Nuts and seeds are typically regarded as nutritious, health-promoting foods and since they were around before humans even existed, it’s hard to argue that they’re not really Paleo!
A mere 20 grams of tree nuts per day is associated with substantially reduced risk (think 20-70%) of cardiovascular disease, cancer, neurodegenertative disease, kidney disease, diabetes, infections, and mortality from respiratory disease. Even three 1-ounce servings per week can lower all-cause mortality risk by a whopping 39%, meaning that not only can eating nuts on a regular basis improve health but they can potential extend lifespan too.
Nut consumption is also known to decrease markers of inflammation, including CRP, IL-6, TNF-α, IL-18 and some endothelial markers (called adhesion molecules). There’s emerging evidence of beneficial effects on oxidative stress, vascular reactivity, and hypertension. Numerous studies show that people who regularly eat nuts tend to have more favorable blood lipid profiles, and one meta-analysis of 25 clinical studies showed that nut consumption had a dose-response cholesterol-lowering effect. Interventional studies consistently show that increasing nut intake has a cholesterol-lowering effect, even in the context of healthy diets. Plenty of research suggests that, despite their energy density, nuts and seeds don’t contribute to weight gain, and they may even protect against obesity and diabetes.
The health benefits of nut and seed consumption can be attributed to their nutritional content, rich in antioxidant vitamins, essential minerals including being a major dietary source of magnesium, dietary fiber, L-arginine, and some nuts contain high levels of heart-healthy monounsaturated fats and the omega-3 fatty acid alpha-linolenic acid. Brazil nuts are fantastic sources of selenium (a relatively hard-to-get antioxidant mineral), pistachios are rich in prebiotic fiber, walnuts are high in anti-inflammatory omega-3 fats, and nuts and seeds in general tend to be good sources of copper, manganese, vitamin B1, vitamin B9, tocopherols (vitamin E), phytosterols, and phenolic compounds. In fact, nuts are often rich in the same minerals that Paleo adherents tend to be low in (especially people who don’t eat much organ meat), and in that sense, are valuable addition to the menu to help ensure nutritional adequacy.
Unfortunately, it’s common within the Paleo community to take this evidence as carte blanche to consume nuts with abandon! Five pound bag of almonds from Costco anyone? But, there’s some very compelling reasons to think of nuts more as a condiment and less as a staple food.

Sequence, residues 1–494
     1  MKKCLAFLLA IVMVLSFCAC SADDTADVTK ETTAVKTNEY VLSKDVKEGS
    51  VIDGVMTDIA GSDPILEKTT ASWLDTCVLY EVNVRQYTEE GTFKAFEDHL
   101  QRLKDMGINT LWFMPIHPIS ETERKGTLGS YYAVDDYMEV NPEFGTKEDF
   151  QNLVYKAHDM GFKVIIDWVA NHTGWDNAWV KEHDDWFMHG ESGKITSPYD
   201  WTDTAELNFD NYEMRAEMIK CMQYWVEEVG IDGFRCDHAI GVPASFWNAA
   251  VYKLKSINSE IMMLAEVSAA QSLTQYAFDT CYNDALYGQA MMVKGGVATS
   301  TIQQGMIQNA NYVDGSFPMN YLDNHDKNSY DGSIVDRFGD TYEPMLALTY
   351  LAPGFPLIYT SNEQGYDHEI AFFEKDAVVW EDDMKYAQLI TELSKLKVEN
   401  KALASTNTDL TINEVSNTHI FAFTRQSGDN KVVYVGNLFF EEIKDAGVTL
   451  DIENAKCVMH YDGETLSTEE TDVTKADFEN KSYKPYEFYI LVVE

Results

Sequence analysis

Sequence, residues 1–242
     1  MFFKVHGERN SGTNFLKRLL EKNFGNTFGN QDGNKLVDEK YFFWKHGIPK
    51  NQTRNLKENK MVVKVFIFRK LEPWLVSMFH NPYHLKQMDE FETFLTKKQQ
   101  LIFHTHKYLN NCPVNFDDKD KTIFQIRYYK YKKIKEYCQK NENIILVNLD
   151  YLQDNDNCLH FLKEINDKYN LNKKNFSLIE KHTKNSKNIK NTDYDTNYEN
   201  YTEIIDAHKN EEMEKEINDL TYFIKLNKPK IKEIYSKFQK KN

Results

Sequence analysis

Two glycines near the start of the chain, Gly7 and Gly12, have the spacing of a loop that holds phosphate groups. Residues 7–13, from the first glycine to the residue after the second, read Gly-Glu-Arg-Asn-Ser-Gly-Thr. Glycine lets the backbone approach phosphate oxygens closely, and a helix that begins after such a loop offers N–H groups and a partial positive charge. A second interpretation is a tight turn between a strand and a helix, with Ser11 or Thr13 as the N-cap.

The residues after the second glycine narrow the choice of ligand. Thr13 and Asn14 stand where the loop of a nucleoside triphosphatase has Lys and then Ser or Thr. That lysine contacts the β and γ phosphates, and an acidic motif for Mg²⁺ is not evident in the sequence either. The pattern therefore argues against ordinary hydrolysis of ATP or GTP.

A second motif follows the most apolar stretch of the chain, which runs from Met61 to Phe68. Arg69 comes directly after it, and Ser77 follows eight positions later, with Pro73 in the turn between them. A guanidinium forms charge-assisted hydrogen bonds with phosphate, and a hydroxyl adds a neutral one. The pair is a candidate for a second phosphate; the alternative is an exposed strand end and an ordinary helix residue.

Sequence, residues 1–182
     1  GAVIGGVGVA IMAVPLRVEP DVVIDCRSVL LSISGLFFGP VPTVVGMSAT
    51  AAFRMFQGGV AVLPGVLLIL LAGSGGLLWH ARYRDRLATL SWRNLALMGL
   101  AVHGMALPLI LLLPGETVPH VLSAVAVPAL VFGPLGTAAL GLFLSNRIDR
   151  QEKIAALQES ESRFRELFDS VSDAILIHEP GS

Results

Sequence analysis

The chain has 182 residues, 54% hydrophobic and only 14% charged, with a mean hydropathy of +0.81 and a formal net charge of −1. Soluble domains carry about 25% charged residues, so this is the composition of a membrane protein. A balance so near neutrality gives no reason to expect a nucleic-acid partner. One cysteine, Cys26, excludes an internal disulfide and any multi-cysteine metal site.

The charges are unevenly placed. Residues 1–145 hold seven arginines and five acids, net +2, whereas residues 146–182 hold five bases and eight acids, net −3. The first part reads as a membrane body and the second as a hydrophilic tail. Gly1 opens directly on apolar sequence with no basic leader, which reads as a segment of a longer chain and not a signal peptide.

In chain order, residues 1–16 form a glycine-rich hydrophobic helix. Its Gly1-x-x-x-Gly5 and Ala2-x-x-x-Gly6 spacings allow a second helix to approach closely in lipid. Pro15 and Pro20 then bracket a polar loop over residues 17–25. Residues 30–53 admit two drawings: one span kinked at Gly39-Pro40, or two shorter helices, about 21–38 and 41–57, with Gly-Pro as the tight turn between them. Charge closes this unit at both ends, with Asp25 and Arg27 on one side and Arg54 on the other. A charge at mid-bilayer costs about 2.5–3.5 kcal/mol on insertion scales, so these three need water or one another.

Health benefits of nut consumption do not continue to increase beyond about 20 grams per day, and there’s some evidence that consuming large amounts of nuts daily can increase disease risk (at least for stroke). That means we get benefits with about a palmful of nuts and seeds per day but that eating more than that won’t do us any favors (and may potentially undermine our health).
Furthermore, tree nuts are one of the most allergenic foods, with true allergies (meaning the body produces IgE antibodies against proteins in nuts) estimated at about 1% of the total population and some preliminary scientific studies showing that nut intolerance (meaning the body produces IgG antibodies against proteins in nuts) may affect a whopping 20 to 50% of us. There are two ways to diagnoses allergy and intolerance to nuts. First is to do food allergy and sensitivy testing (a blood test that looks for IgE and IgG antibodies and sometimes IgA and IgM antibodies against various food antigens) and second is to perform an elimination diet (see page tk). If you aren’t sure, they may be worth avoiding (at least temporarily), especially for people with digestive or autoimmune disorders (see The Reintroduction Quick-Start Guide: A New FREE download!).
One study showed that cashews are one of the most common nut intolerances, affecting upwards of 50% of us. In comparison, incidence of intolerance to almonds was about 28%, Brazil nuts was 23% and walnuts was 3%. Note this study included people with gastrointestinal symptoms and did not represent the general population.
Nuts and seeds are also relatively concentrated sources of phytates. Phytate is the salt of phytic acid—that is, it is phytic acid bound to a mineral. Within the seed, the primary function of phytic acid is as a storage molecule for phosphorus, but it also serves as an energy store, as a source of cations (positive ions) for various chemical reactions in the plant, and as a source of a cell wall precursor called myoinositol. Because phytate is formed when phytic acid binds to minerals—typically calcium, magnesium, iron, potassium, and zinc—these minerals are then unavailable to be absorbed by the gut. Therefore, the consumption of phytate-rich foods like grains and legumes can cause mineral deficiencies, especially when these phytate-rich foods displace other mineral-rich foods in the diet. Our gut bacteria can liberate some of these valuable minerals from phytates for us, but their capacity is limited, which might partially explain why we cease to see benefits from nut consumption beyond 20 grams daily.
Along with blocking mineral absorption, phytates also limit the activity of a variety of digestive enzymes, including the proteases trypsin and pepsin, as well as amylase and glucosidase. This means that phytates can be as devastating to the gut barrier and gut microbiota as digestive enzyme inhibitors, namely by increasing gut permeability (by stimulating the pancreas to release excess digestive enzymes) and feeding bacterial overgrowth (by inhibiting digestion).
It’s important to emphasize that excessive dietary phytate and phytic acid are the problem. Phytates are also present in much lower concentrations in nonreproductive plant parts (like leaves and stems). Consuming phytates in more moderate quantities may actually provide an important antioxidant function and help reduce cardiovascular risk factors and cancer risk. Also, moderate consumption means that a healthy amount and variety of gut bacteria will be able to liberate some minerals from the phytate and make them more absorbable. In that sense, the scientific literature reinforces the idea that vegetables (with their lower concentration of phytates) are extremely important in our diet, whereas grains deliver levels of phytates that surpass what benefits us, and of course, nuts and seeds are great in moderation.